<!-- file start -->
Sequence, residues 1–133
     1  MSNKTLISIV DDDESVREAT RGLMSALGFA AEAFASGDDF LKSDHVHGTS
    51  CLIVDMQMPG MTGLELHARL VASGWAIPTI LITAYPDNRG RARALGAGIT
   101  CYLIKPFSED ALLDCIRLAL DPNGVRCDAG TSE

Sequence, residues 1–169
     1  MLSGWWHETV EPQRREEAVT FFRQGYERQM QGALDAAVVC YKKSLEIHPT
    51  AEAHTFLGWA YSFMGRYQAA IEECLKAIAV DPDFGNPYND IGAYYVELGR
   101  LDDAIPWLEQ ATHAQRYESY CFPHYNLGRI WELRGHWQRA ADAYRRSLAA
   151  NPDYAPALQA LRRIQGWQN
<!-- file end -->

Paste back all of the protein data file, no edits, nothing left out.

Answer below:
Sequence, residues 1–133
     1  MSNKTLISIV DDDESVREAT RGLMSALGFA AEAFASGDDF LKSDHVHGTS
    51  CLIVDMQMPG MTGLELHARL VASGWAIPTI LITAYPDNRG RARALGAGIT
   101  CYLIKPFSED ALLDCIRLAL DPNGVRCDAG TSE

Sequence, residues 1–169
     1  MLSGWWHETV EPQRREEAVT FFRQGYERQM QGALDAAVVC YKKSLEIHPT
    51  AEAHTFLGWA YSFMGRYQAA IEECLKAIAV DPDFGNPYND IGAYYVELGR
   101  LDDAIPWLEQ ATHAQRYESY CFPHYNLGRI WELRGHWQRA ADAYRRSLAA
   151  NPDYAPALQA LRRIQGWQN